The All-Party Parliamentary Group (APPG) for Trade and Export Promotion was launched for this reason; to unite the voices of all stakeholders in consensus around trade issues and on the UK’s direction of travel in its forthcoming trade negotiations.

Given its mandate, it is only right that the APPG has cross-party representation, as well as representation across Scotland, Wales, Northern Ireland, and all nine regions of England. The group also encourages all UK organisations from around the world, together with the overseas organisations that have an operating base in the UK, to participate in the discussion.

Our aim is simple – to bring all ambitions around trade governance, trade promotion, investment and trade finance into an inclusive and fully representative forum that can assist the decision-makers responsible for delivering better outcomes in trade. Parliament can, and will, provide oversight and hold government to account. The newly formed APPG is fully supported by a secretariat run by an organisation that lives and breathes trade; the International Chamber of Commerce.

Sessions begin in earnest in 2021. In the meantime, however, the APPG is probing government on a range of issues, including: reviewing the regulatory framework in the context of tackling the multi-trillion trade finance gap; ensuring that standards and rights are maintained; promoting transparency on the use of development funds to bridge the digital divide between developed and emerging economies; and, not forgetting the ongoing and upcoming trade deals, the EU deal and its effects, which remain at the forefront of everyone’s minds in the coming weeks.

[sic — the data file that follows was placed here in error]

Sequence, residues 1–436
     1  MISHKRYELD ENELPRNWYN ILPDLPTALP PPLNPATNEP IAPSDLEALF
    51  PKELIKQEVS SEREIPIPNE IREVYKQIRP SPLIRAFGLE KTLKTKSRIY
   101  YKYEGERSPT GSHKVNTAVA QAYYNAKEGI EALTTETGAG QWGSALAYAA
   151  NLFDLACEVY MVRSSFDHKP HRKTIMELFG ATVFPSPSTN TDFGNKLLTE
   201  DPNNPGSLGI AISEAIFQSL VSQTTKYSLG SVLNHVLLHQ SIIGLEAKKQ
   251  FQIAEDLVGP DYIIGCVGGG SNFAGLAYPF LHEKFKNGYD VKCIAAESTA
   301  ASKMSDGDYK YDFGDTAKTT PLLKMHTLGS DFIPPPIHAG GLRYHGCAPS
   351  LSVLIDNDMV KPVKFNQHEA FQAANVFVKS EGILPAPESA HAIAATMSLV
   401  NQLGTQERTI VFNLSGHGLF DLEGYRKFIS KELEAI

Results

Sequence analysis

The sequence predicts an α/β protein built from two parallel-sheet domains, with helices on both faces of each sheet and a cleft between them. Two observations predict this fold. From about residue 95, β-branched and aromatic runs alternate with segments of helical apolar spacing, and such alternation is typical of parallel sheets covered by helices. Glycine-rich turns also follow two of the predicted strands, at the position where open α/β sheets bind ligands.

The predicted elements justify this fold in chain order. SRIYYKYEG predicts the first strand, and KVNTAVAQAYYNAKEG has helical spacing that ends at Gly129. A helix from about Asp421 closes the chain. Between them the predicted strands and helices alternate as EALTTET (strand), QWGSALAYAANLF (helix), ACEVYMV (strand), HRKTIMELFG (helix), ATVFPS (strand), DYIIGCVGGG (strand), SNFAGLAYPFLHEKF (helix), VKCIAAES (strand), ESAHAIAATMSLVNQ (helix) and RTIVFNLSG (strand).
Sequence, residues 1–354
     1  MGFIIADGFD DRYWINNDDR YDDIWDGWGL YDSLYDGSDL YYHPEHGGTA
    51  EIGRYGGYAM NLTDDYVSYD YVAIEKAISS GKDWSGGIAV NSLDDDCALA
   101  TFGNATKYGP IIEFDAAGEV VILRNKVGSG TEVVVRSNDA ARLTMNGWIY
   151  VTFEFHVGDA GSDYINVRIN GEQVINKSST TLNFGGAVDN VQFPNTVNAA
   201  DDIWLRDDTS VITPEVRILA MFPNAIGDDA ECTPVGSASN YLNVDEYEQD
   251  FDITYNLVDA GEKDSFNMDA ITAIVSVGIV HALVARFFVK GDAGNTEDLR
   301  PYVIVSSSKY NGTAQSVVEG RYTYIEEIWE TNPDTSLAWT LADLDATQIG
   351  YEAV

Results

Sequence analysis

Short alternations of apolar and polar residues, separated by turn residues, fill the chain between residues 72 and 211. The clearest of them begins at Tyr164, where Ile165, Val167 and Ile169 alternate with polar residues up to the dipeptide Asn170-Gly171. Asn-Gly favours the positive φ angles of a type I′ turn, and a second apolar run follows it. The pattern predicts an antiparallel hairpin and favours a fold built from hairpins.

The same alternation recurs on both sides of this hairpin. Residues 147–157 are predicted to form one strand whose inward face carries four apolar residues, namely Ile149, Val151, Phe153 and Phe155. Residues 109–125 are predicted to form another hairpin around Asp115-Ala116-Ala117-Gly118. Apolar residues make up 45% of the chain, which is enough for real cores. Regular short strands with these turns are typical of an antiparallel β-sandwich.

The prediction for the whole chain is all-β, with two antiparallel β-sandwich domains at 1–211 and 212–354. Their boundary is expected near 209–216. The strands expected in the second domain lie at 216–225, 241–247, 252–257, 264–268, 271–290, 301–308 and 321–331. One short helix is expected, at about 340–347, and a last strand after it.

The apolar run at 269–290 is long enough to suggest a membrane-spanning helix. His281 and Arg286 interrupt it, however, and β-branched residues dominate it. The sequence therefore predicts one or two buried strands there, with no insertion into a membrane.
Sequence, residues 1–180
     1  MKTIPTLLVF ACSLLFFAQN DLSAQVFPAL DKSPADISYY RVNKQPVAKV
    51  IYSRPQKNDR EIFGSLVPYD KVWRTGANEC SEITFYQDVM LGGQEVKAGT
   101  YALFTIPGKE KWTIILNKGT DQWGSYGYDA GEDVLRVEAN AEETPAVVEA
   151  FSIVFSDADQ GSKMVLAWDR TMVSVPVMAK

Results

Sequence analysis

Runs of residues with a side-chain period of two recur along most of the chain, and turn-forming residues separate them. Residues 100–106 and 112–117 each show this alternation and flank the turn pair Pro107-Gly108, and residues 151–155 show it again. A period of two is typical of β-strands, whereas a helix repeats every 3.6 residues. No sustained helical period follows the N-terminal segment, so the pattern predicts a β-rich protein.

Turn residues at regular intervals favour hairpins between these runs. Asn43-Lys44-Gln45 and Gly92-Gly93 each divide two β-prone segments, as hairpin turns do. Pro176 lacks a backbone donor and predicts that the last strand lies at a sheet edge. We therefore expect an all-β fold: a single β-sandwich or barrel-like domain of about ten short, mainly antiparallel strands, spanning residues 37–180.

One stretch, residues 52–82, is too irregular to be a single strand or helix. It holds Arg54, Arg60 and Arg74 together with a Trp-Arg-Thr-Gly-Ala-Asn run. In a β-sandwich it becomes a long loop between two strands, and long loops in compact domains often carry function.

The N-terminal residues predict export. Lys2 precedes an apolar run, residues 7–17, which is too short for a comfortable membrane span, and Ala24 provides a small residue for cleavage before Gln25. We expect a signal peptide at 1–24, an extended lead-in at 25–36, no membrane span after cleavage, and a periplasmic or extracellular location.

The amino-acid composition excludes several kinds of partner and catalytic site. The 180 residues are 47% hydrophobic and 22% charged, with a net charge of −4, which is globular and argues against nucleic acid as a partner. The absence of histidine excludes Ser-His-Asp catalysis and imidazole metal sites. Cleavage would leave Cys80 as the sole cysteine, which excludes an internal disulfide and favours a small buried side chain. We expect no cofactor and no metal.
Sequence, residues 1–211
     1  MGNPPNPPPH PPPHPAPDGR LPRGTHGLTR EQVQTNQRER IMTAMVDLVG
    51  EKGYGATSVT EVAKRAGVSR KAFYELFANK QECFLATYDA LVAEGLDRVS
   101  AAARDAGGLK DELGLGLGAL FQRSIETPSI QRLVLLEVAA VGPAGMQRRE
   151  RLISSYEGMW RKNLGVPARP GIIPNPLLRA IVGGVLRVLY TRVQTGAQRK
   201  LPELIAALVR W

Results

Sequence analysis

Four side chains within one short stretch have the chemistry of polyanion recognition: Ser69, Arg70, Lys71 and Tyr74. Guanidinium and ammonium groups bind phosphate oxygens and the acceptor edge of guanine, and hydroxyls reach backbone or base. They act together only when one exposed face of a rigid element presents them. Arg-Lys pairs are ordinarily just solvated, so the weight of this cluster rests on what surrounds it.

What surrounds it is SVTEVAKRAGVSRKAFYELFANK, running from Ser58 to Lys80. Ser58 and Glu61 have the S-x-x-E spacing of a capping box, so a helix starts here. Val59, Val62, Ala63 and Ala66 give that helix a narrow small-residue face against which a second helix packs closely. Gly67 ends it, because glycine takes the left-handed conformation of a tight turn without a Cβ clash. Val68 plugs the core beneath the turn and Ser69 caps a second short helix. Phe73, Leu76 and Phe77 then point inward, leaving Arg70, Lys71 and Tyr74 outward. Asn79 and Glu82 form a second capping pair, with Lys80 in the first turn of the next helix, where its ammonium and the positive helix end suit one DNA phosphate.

The APPG has also begun a consultation process, for both the core programme and an ambitious outreach programme that covers all regions of the UK, as well as parliamentary counterparts and UK organisations in other countries. There is plenty to consider. A rethink on the role of government and how we strengthen private sector engagement, for example, should be on the table for discussion. The private sector has a major role to play in supporting trade, and one that has not yet been fully explored in the UK. Other G7 countries have set a good example in this regard – there is much to learn from countries like Japan, for instance, that have a highly effective partnership between government and the private sector.

There is much to absorb and to develop, and we would welcome support from both domestic and international stakeholders, and from any political standpoint. The time has now come to cast divisions aside and work together for the common good, not just the UK in isolation but the world at large.


This is not an official article of the House of Commons or the House of Lords. It has not been approved by either House or its committees. All-Party Parliamentary Groups are informal groups of Members of both Houses with a common interest in particular issues. The views expressed in this report are those of the group.